I was not yet old enough to go to school when I heard it for the first time. I had slopped through the feed lot, those white shoes and lace-trimmed socks no longer one bit white, to get to my father and his grandfather Charlie. I wanted to see what they were doing.
“Oh, boy. Your mother is not going to be one bit happy when she sees what you’ve done to those shoes,” Grandpa Charlie said, “The way I see it, no matter what happens next, it builds character!” He picked me up, his arms out straight, and set me back over the fence I had worked so hard to climb. “Now, go tell your mother what I said.”
What happened next was a stream of water from the garden hose, so shockingly cold it took the breath away, and a spanking to remember. I was busy building character.
We had lots of ways to build character on those farms, the land so wide open we could explore a new section every day. We searched for cowboys, we filled our pockets with arrowheads and flint, we caught tadpoles in the creek and carried them home in a bucket just so we could watch what would happen next. A good old sturdy stick found in the woods could become just about anything we wanted it to be.
When the rain ran some kids inside to crayons and coloring books, we were drawn to the barns. It seems we spent much of our childhood in “the far barn”, as we called it, to distinguish it from the other barns. We climbed those sturdy built-in ladders as high as they reached, taking us in to the very top of that old barn. I silently made up great stories or silly rhymes in my head, listening to the rain hit the tin roof so close to our ears. My older sister moved bales all around as she designed fancy rooms in the straw mow, with tunnels to get to each one, then told me what to say when we played out the story she had concocted in her head.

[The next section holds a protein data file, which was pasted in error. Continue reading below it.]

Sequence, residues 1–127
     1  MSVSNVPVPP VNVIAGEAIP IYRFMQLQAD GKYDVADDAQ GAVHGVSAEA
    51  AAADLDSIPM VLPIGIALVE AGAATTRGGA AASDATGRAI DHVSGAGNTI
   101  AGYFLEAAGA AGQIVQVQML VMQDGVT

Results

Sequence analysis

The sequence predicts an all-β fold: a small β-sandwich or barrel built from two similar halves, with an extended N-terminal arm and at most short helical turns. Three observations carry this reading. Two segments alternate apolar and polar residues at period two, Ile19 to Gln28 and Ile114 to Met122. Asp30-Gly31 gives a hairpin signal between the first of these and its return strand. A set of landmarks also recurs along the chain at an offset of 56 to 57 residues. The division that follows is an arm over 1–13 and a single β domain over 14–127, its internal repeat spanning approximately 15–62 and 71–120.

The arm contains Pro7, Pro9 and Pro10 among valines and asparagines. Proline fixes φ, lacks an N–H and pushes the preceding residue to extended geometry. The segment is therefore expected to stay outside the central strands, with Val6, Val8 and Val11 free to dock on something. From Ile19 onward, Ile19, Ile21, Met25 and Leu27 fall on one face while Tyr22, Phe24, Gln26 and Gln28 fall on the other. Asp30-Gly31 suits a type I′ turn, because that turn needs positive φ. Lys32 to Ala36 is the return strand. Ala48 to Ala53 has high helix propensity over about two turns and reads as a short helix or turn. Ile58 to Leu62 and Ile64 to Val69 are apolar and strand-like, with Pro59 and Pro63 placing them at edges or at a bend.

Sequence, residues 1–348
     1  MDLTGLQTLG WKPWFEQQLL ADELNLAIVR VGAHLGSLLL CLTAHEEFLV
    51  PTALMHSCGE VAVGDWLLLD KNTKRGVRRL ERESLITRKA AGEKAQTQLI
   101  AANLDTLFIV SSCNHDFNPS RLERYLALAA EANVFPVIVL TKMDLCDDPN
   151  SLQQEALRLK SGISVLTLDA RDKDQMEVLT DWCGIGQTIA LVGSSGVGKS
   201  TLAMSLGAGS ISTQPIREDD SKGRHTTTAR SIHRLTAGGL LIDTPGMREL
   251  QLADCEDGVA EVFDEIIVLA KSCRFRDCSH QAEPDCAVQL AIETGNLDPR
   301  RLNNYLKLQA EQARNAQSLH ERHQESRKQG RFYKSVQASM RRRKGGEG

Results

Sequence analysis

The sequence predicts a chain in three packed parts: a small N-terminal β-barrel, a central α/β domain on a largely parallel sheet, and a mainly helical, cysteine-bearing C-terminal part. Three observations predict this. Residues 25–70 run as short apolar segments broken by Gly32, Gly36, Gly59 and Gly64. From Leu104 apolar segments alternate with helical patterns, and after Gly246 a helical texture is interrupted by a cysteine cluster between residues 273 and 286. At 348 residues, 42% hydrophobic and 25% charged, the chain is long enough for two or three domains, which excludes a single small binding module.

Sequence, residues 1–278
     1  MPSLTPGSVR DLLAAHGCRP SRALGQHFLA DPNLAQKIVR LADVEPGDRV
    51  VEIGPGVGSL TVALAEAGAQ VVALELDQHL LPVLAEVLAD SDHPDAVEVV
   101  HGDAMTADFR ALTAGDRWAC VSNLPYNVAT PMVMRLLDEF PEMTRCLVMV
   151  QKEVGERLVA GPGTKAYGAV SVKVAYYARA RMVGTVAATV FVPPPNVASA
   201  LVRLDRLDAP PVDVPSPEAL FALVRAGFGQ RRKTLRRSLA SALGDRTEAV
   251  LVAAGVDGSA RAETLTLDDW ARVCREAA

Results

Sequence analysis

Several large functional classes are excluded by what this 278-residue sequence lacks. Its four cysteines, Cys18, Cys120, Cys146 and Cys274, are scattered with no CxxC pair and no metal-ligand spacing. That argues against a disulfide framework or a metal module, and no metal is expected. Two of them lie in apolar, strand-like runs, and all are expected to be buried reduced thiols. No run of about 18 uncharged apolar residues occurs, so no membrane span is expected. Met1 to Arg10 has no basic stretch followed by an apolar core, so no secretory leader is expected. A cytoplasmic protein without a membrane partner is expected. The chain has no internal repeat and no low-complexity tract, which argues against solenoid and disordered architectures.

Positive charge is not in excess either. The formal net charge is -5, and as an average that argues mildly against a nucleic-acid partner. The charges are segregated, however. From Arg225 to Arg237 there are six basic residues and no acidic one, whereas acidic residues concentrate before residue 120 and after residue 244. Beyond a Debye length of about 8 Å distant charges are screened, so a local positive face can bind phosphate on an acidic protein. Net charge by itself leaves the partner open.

When I ran to the house to get a sleeve of saltine crackers for our feast, my only instruction was “just hurry up,” the order I remember hearing most from my big sisters. My job was to not raise any questions as to what we were doing.
We were building character. We knew our boundaries, but boy, could we push ’em! If my sisters dared me to do something, I was stomping all over it. No way was I willing to be called a baby.
In our way of looking at it, our play was as important as our work, and none of it cost a dime. There were no fancy play sets built in our back yard. If we wanted a tower to watch for encroaching enemies, we climbed a tree. If we wanted to slide down something, we built it with whatever we could find on the junk pile back in the woods.
The next day that junk might become our kitchen, or a bucking bronco. Great tree limbs that dipped low served as the gentle horses we wanted so badly on that dairy farm, where horses were referred to as hay burners.
So, we created our own. Baler twine became our reins, an old towel our fancy saddle.
My name one day might be Margaret, the cleaning lady, with not a single line to say. The next, I might be a brave warrior, blazing through the wild West, and I could holler up a storm while doing it. We could whip up a lasso, set a trap, create a saloon or a jail; every single prop, every possible setting was within our power.
And on any given day, I might find myself wading through slop up to my ankles.
We were girls, but we most decidedly were not sissies. We took our lickings if we had to, with a stiff upper lip.
We carry all that character, including the grit of survival, with us to this day.
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